But the Eagles understand they can go to Goedert whenever they want, any way.

“He’s a special player,” Eagles offensive coordinator Shane Steichen said earlier this season. “You can do almost anything you want with Dallas. Obviously, we throw him screens, we throw him verticals, we throw him intermediate routes. We do a lot with him because he’s a special player.”

Defenses know it, too, which creates all kinds of problems, especially when quarterback Jalen Hurts is out of the pocket. Defenders can’t leave Goedert to chase Hurts, which opens running lanes for the quarterback. At 6-5, 256, Goedert is also too big and strong for most safeties and corners, and too quick to be covered by a linebacker, especially if he gets downfield.

“You don’t have to throw the ball downfield for it to create a play, a big play,” Eagles coach Nick Sirianni said. “You don’t have to throw him the ball down the field 30 yards. You could throw it to him at the line of scrimmage, 5 yards, 15 yards, and he’s going to be able to make a big play.”

That’s what Kelce does, time and time again. It’s what Kittle has done consistently throughout his career. It’s what everyone expects from a growing list of dangerous receiving tight ends, including Minnesota’s TJ Hockenson and Baltimore’s Mark Andrews.

Goedert and Kittle are “good friends,” the Eagles tight end said. They train together in the offseason at Tight End University camp in Nashville, and text and talk during the regular season. Goedert has come to admire Kittle’s toughness and “mentality” and the way he plays “super physical” every time he touches the ball.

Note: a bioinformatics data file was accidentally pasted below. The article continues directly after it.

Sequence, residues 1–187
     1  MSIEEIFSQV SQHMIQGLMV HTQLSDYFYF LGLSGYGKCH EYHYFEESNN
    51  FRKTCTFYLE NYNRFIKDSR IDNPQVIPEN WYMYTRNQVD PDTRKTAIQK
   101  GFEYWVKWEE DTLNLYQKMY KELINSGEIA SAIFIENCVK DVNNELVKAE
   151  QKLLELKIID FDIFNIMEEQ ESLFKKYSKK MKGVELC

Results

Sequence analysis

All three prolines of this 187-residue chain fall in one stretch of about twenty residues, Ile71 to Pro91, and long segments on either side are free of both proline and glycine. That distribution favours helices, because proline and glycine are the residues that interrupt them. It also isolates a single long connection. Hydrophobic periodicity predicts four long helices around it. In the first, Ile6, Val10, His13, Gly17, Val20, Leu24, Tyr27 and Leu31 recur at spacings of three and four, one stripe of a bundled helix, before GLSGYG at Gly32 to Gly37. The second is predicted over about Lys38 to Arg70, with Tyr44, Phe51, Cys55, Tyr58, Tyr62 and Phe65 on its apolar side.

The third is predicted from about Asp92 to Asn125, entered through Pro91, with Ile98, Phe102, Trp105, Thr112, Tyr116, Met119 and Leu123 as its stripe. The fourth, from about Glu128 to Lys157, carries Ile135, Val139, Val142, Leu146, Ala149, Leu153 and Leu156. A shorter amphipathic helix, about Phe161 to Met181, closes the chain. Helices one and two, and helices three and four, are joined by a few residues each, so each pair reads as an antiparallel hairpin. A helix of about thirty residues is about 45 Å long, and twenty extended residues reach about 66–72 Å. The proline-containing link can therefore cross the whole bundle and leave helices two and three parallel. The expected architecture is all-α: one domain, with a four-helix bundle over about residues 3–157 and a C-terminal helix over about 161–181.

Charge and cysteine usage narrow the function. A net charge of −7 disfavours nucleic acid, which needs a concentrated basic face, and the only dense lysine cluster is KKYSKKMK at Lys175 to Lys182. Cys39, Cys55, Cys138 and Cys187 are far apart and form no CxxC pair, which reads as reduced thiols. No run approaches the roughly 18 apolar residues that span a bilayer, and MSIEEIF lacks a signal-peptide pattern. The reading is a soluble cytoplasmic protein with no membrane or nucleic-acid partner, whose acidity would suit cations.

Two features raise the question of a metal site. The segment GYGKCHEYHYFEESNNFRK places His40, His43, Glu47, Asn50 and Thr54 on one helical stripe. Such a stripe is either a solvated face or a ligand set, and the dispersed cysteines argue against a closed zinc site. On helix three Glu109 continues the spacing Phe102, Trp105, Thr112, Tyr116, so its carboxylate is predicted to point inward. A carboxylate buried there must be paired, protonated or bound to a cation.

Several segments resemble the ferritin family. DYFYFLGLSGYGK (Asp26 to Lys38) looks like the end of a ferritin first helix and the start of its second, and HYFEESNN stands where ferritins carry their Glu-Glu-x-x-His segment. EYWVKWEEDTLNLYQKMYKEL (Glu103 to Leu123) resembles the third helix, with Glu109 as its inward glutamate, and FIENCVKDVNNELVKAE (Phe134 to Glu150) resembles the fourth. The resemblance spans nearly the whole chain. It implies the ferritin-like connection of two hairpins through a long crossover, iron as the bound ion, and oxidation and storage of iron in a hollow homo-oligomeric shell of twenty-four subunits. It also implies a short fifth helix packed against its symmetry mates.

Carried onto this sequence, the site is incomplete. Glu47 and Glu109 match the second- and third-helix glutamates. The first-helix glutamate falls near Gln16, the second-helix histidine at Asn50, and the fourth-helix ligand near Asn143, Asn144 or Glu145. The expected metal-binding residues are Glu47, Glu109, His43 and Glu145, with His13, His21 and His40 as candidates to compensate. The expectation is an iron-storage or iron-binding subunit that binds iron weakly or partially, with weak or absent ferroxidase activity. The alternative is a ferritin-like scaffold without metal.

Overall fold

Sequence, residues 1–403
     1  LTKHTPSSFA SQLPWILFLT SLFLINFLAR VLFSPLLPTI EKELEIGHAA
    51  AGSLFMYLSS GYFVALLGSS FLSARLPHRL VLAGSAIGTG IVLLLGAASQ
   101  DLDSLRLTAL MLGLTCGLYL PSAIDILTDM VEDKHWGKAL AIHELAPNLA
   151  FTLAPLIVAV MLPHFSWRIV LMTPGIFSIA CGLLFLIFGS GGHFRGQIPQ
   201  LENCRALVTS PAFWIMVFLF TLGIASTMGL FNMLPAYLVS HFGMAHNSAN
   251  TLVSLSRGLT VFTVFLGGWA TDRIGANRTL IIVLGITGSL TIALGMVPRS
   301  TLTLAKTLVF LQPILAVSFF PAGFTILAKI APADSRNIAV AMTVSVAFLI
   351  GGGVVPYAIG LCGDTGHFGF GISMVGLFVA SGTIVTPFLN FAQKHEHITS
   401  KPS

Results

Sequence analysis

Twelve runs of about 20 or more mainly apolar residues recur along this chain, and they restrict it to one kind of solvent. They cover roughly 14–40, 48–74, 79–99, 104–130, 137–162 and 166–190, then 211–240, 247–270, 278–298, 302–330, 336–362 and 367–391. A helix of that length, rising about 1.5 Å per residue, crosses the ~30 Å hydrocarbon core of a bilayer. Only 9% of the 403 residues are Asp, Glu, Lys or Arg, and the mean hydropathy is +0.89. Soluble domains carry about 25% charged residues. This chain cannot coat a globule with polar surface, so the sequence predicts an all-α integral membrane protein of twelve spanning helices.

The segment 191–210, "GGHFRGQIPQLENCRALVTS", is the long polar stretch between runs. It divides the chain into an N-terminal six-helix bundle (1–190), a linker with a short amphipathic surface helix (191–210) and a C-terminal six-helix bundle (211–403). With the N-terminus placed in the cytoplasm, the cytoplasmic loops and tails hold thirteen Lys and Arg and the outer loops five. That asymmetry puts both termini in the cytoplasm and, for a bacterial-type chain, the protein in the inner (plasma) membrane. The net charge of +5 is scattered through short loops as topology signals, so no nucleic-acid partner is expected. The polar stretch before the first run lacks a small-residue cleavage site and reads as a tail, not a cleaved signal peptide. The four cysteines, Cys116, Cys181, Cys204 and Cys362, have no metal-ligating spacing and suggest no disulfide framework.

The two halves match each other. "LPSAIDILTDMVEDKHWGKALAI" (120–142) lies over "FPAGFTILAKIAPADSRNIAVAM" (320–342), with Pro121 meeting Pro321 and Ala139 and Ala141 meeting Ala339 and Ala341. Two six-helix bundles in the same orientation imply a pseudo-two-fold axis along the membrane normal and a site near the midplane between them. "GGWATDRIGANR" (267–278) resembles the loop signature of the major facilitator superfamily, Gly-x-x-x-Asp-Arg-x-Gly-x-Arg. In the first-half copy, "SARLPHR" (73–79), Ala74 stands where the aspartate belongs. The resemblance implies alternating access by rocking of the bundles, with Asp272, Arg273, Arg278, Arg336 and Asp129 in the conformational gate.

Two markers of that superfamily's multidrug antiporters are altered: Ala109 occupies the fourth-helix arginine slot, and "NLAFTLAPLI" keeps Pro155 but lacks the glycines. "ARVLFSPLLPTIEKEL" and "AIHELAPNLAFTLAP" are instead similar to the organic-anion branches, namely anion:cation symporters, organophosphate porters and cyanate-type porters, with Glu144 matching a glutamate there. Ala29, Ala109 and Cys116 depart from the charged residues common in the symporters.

“He comes out and he’s not going to let anybody beat you,” Goedert said. “He’s going to go full speed through your face. Marshawn (Lynch) probably said it best: People can’t take it over and over again. You keep going through somebody’s face, eventually they’re going to give up. George does great job on that.”

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Goedert is also doing very well, although he has yet to achieve national recognition. He probably will soon. He sure could if he has a big game on Sunday.

For now, though, he said he’s not bitter when he’s not mentioned with Kelce or Kittle. He knows how good it is.

And he knows the Eagles know it too.

“It doesn’t bother me whether people think so or not,” Goedert said. “I don’t really worry too much about other people’s thoughts. Obviously, the people in this building think very highly of me, and at the end of the day, that’s who I’m playing for. That’s what I really care about.”

Ralph Vacchiano is the NFC East reporter for FOX Sports, covering the Washington Commanders, Philadelphia Eagles and New York Giants. He spent the previous six years covering the Giants and Jets for SNY TV in New York, and before that, 16 years covering the Giants and the NFL for the New York Daily News. Follow him on Twitter at @RalphVacchiano.